What am I Watching?
A CheatSheet for Parents & Spectators


Each year there is a different game that the robots play. The game is released the first weekend of January. Teams have about 5 weeks to design and build a robot to meet the challenges of this year’s game. Then there is a 5 week competition season where we will compete at two regional competitions. Between competitions, the team continues to refine the robot. Week 6 is the FIRST in Michigan State Championships for teams finishing in the top half of the state. The season concludes with “Worlds” – the FIRST Championships in Houston in late April. Michigan typically sends about 80 teams to Worlds in a field of about 600 teams. 

In the fall we typically compete in 2 off-season events using the previous year’s robot – Kettering Kick-off and Bloomfield Hills Girls Competition. The Ann Arbor District Library also hosts Washtenaw Area Pickup Robotics. They release a game in September for a December pick-up competition among local teams.

Competition Format

Each robotics competition is split into two parts: Qualifications and Playoffs. During qualifications, each team will be randomly assigned partners for each match. After all of the qualifications, there will be a draft where the top 8 teams will draft their alliance partners. The playoffs are double elimination until the final match which is a traditional best of 3. 

2023 Game - A brief overview

Each game is 2.5 minutes with an initial 15 seconds where the robots operate autonomously. After this section, the robots are operated by a driver with a human player on the opposite end of the field who introduces game pieces to the field. You are working with an alliance of 2 other teams in the game for a combined total score.

The 2023 Game is called “Charged Up”. Each alliance is lined up on opposite ends of the rectangular playing field. In front of the drivers, is a grid for them to place cubes and cones. On the opposite end of the rectangle the human players will introduce additional cubes and cones to the playing field. You earn bonus points for creating links or patterns of blocks. There is also a center “charging station”. Teams earn additional points for balancing on the dock at the end of the autonomous section and at the end of the game.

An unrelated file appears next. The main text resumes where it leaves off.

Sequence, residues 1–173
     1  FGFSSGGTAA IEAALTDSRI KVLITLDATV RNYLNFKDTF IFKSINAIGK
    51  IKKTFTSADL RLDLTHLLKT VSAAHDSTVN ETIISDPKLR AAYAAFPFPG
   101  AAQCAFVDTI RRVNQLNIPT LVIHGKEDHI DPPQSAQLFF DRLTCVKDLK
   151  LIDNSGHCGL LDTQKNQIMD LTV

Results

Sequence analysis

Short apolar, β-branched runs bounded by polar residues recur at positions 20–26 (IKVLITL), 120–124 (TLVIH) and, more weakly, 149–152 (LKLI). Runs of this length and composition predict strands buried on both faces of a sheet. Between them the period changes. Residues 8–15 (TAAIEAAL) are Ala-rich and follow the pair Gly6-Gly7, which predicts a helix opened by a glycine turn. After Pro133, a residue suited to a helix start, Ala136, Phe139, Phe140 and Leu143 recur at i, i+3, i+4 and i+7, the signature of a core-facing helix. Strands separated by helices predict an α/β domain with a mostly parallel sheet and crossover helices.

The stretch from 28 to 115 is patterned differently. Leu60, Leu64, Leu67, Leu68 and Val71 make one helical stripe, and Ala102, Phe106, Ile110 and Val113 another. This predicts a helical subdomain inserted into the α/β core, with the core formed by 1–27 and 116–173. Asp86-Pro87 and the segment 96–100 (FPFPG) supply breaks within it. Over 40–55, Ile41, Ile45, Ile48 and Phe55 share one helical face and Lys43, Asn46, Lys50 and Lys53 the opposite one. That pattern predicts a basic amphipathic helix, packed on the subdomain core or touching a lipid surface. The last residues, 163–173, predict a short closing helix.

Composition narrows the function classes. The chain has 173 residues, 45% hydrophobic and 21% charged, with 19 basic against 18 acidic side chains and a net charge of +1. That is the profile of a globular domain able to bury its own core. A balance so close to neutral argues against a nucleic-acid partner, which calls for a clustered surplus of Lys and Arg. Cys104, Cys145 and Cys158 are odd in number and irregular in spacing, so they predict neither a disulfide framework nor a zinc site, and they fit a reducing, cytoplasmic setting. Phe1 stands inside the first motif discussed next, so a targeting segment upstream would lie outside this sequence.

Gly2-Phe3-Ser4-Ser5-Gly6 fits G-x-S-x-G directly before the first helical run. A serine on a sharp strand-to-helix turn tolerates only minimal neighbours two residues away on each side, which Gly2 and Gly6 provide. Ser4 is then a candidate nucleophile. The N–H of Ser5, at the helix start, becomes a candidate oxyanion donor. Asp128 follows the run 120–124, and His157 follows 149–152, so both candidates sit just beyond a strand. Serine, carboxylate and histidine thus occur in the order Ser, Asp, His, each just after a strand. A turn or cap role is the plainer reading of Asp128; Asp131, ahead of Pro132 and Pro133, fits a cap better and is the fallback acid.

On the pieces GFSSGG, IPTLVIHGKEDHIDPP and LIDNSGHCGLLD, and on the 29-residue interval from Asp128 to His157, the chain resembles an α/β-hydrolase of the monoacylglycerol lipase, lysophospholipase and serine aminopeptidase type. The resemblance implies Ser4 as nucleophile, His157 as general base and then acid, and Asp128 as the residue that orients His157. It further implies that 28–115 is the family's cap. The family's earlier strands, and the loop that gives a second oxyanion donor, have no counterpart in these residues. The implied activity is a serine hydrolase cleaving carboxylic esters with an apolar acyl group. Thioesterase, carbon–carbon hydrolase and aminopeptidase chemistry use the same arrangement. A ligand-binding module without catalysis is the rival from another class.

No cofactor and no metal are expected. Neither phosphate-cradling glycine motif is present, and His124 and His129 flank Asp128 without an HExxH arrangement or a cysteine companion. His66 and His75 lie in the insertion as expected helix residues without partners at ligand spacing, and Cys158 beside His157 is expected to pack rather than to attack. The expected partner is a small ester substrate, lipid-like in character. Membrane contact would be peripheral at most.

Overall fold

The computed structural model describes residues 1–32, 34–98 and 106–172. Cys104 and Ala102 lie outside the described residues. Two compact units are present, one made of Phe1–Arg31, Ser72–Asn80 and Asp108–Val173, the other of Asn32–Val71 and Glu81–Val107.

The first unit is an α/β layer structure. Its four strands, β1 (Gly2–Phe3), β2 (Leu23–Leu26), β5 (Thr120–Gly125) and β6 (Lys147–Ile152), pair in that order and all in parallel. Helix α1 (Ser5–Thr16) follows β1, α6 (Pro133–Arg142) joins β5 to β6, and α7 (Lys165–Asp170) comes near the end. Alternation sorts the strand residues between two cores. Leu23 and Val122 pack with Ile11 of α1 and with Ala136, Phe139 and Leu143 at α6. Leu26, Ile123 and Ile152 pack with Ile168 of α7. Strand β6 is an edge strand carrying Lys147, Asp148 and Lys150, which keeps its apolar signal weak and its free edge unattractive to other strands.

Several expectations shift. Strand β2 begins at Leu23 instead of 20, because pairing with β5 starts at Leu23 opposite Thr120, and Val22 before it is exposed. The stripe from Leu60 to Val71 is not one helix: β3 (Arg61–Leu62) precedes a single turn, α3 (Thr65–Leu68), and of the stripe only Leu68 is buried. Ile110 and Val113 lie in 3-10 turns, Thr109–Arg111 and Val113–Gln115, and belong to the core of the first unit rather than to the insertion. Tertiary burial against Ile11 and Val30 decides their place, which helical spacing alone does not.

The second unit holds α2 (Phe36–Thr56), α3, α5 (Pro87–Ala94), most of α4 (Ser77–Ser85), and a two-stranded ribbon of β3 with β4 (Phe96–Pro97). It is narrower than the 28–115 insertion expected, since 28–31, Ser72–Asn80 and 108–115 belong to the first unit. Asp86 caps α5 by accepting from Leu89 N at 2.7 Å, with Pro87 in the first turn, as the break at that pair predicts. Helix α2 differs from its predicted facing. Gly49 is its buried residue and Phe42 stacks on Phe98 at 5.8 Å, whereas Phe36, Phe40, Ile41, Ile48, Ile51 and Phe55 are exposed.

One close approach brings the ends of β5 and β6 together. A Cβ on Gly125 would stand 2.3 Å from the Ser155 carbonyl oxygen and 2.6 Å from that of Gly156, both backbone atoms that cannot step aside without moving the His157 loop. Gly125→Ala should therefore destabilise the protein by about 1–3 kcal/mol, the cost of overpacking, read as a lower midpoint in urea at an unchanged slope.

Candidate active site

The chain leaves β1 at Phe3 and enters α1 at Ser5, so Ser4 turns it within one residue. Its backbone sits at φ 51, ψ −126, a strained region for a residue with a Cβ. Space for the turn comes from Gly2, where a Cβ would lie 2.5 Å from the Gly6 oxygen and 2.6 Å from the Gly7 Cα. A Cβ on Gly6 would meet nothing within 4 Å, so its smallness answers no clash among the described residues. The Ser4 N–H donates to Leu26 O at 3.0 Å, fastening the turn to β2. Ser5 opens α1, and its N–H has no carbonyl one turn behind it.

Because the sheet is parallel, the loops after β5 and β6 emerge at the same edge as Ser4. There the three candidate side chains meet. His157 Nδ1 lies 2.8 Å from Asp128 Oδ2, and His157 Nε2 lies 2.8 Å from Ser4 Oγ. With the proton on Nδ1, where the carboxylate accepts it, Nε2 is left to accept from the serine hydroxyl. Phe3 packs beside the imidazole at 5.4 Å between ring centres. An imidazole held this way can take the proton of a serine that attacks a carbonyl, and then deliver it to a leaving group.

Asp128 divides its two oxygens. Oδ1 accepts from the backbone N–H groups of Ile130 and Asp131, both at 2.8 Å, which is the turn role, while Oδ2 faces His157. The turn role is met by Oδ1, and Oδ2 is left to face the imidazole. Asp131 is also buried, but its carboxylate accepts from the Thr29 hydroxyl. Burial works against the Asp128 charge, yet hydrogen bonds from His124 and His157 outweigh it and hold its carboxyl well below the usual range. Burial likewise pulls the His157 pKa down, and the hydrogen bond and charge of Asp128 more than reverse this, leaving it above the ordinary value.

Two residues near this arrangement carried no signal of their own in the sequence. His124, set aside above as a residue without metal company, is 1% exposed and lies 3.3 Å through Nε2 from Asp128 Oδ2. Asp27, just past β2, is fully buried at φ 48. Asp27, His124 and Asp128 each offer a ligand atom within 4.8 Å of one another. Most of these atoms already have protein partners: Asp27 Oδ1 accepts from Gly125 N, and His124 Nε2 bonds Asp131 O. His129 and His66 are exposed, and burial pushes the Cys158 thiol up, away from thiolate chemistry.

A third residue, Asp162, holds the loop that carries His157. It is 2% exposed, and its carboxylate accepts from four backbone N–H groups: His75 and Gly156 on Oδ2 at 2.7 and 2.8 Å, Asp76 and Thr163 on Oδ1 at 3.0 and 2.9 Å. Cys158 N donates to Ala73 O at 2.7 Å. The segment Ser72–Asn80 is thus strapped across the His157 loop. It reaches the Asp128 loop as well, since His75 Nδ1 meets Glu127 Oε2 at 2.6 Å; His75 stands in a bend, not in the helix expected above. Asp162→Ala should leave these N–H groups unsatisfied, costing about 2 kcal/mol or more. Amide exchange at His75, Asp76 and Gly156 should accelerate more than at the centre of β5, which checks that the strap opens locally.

What Else Do I Need To Know?

Matches are typically available to watch on Twitch or YouTube so you can keep up with the team even when you can’t be there in person. 

Internet and cell service is usually very spotty for spectators especially in the stands. It is usually a bit better in the lunch rooms.

If you have questions, sit by an experienced parent or a mentor. I’ve found them willing to answer questions and provide insight.

The Blue Alliance app (links found on Team Resource Page) is great for match details. This will give you the team schedule typically released the morning the competition starts. It will list which match numbers we are in, which alliance (blue or red) for each match, and the tentative times for each match. Match times are updated through the day and match results will be posted.

How Are Team Members Involved?

Every team member is a valuable part of the team. The drive team are the ones on the field, but other team members are playing important roles. The Pit Crew makes any adjustments needed to the robot between matches. During qualifying matches, you will often see students with tablets intently watching all of the matches. They are scouting other teams looking for teams we might want to draft in an alliance or that we might want to show how valuable we can be as a partner. There are also team awards given such as the Impact Award that include an interview with team members at the competition. Other team members are interacting with other teams to build relationships and trading team pins. And of course everyone is in the stands cheering during our matches. 

Parent help during competitions can include bringing (or sending) requested food items, driving carpools, picking up team meals, saving seats in the stands, and more.